Green or red?
Red or green?
Life or death?
Death or life?
Come on, Sarah, you need to make a decision.
In a moment of impulsivity I slam my hand down onto one of the vibrant-colored buttons.
Oh no, I think, What have I done?
"Which did you choose?" My little brother, Kyle asks eagerly.
I open my mouth to speak, but mother intervenes.
"You know she can't tell you," she reminds him as we slip into the steel beast behind two other families.
I can see another question resting on Kyle's small, pink lips, ready to leap into the air and cry desperately "Please tell me!" so I say speedily:
"Thank you all for coming with me," there is a small quiver in my voice and I feel my eyes drift slowly over to the boy in the row across from me-alone.
"Of course, dear," my mother says sweetly, "The Culling Ceremony is the most important day in a young person's life." Her eyes, too, travel to the lonely, sullen-faced boy and she smiles warmly.
I can tell just from looking at the boy what he has chosen. It's obvious: red. He already has nothing to live for, no one to live with, and is one of those who can't wait for life to be over with.
Depressed, I think, recalling the past mental illnesses which I had just learned about in psychology. No one has it in the clinical form anymore, we are given an injection during infancy which prevents all mental illnesses, as well as one to prevent all STDs, strains of the flu, etc. We can't get sick. We can't die. At least, not until we're twenty five.
The train has stopped, but it is so smooth-riding that I hardly notice we have arrived in front of my house and only know to stand when I see my mother and brother rise out of their seats.
It's not uncommon for children to have only one parent, in fact many have none and are either adopted or supported by the government. It's nice not having people pity me for being fatherless, but I sometimes wish they would ask rather than just assume that he chose red and died at twenty-five.
Cancer. No matter how hard they try, the government's DNA-analysis team cannot target the gene which causes cancer. Many people blame the war and the radiation it left behind for the disease, but the government has denied all accusations.
Cancer. It killed my father. He was supposed to live forever. Of course, he knew he wouldn't; even though they can't prevent the disease, doctors can warn future cancer patients and try to convince them to choose red, so that they may die without suffering. But father was a fighter, mother always said, and as I walk past the other boys and girls' fathers on the train, I know it's true because they were too cowardly to choose death but my father, when begging for life, embraced it.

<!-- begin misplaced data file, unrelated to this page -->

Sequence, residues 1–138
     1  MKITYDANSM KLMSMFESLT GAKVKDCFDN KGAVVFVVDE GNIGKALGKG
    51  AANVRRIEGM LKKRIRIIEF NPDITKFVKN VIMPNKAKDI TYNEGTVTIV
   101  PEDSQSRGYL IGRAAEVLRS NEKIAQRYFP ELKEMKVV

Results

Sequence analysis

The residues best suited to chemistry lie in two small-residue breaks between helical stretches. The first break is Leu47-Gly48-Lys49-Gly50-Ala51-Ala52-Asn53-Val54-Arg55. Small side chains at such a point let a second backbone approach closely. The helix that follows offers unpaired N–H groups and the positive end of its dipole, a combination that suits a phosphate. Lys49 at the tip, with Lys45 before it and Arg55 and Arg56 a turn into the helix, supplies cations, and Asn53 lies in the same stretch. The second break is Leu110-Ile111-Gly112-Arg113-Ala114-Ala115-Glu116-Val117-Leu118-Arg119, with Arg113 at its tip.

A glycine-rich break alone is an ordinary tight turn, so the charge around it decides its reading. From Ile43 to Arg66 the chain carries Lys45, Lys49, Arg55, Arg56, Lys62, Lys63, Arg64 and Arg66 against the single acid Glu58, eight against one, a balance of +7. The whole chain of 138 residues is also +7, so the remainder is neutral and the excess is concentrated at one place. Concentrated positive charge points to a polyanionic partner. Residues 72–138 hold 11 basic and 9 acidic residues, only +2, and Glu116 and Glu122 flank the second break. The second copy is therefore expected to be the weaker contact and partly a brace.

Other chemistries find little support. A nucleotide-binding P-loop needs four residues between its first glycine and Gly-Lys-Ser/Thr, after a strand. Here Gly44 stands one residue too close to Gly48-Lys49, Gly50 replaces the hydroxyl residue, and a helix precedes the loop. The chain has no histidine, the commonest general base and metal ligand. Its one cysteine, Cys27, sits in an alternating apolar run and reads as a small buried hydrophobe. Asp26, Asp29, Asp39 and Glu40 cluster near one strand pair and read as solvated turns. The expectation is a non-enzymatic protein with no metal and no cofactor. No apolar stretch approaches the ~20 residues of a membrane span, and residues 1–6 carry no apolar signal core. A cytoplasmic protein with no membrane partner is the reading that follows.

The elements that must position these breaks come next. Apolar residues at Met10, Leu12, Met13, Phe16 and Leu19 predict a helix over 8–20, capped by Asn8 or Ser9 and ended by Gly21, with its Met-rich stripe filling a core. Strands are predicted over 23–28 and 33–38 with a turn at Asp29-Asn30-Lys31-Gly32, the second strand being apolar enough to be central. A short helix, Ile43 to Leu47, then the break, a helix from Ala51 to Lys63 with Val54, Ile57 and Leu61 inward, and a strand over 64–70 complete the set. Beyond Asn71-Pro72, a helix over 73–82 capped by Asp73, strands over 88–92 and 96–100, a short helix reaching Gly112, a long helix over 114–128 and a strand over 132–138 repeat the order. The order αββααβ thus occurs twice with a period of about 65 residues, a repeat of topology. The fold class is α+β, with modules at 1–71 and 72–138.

The train hovers slightly above the silvery ground below and a step ladder is lowered so that we may exit safely. I leap anyways.
In my home, nothing has changed, and at that moment I realize something: we are all newton balls-set into motion and forced to move on no matter how impossible it may seem. My whole life has just changed and everyone around me knows it, but they go on as if it is just an average Tuesday.
As I pass through the halls of our housing-complex I hear a buzz of voices:
"Happy birthday, Sarah!"
"Wow, Sarah! You are really starting to become a young lady!"
Completely normal voices. The voices that have bade me good morning and good night every day in my life and yet in those dull, monotonous greetings I hear something special because I know that they know that my life has just changed.
Their eyes ask me questions that their lips are too afraid to utter and the voice within their voice shakes as it speaks. They sense it and I sense it, but neither party acknowledges it because we are newton balls, and we are happy as newton balls.
At night, my mind does not drift to thoughts of the Culling Ceremony, as they have for the past seven years of my life, dating back to my fifth birthday when I was told it was up to me to decide whether I would live forever or die at twenty-five. I toyed with the idea ceaselessly; one night red, the next green. I had imagined everything down to the shades of red and green, to the curve of the buttons, to the whiteness of the walls. But for some reason, tonight all I can think of is the boy on the train. I reconstruct his image as clearly as I can in my mind:
He had glossed over eyes, which stared hopelessly and the ground beneath his feet. He seemed to be transfixed on something... or nothing.
He was thin, so thin that the bruises on his legs seemed to have come from his bony knees accidentally colliding with each other.
He wore a red plaid shirt that needed to be mended badly, but apparently he didn't care much for fashion anyways because his shirt clashed with his striped shorts.
The more I think about him, the less I think that he is depressed and the more I realize that he is simply apathetic. The government is against anything that may lead to disruption of the peace-even children making fun of one another for poor clothing choice- and so we are sent free shipments of new clothes monthly, if we choose not to shop for ourselves. Also, I haven't seen someone so skinny since group meals became mandatory in 2156 due to the death of an bulimic girl in our vicinity.
I no longer feel pity for him; everyone has a choice, and if he chose red for no other reason than that he is simply "bored" of life then so be it, I could care less.
Moments later, I find myself once again reconstructing his despondent, malnourished face with a feeling of sympathy growing like a tumor in my chest.